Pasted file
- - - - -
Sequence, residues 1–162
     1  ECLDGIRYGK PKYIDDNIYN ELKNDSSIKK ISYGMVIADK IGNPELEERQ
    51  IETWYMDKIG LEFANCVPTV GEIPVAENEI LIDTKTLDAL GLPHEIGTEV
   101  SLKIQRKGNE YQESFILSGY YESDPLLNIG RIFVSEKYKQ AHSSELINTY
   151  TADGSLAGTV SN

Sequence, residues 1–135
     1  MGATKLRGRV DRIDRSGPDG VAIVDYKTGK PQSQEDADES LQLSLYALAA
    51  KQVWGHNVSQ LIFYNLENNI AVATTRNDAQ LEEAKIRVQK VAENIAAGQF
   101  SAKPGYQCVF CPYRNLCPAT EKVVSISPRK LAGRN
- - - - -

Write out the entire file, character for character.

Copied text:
Sequence, residues 1–162
     1  ECLDGIRYGK PKYIDDNIYN ELKNDSSIKK ISYGMVIADK IGNPELEERQ
    51  IETWYMDKIG LEFANCVPTV GEIPVAENEI LIDTKTLDAL GLPHEIGTEV
   101  SLKIQRKGNE YQESFILSGY YESDPLLNIG RIFVSEKYKQ AHSSELINTY
   151  TADGSLAGTV SN

Sequence, residues 1–135
     1  MGATKLRGRV DRIDRSGPDG VAIVDYKTGK PQSQEDADES LQLSLYALAA
    51  KQVWGHNVSQ LIFYNLENNI AVATTRNDAQ LEEAKIRVQK VAENIAAGQF
   101  SAKPGYQCVF CPYRNLCPAT EKVVSISPRK LAGRN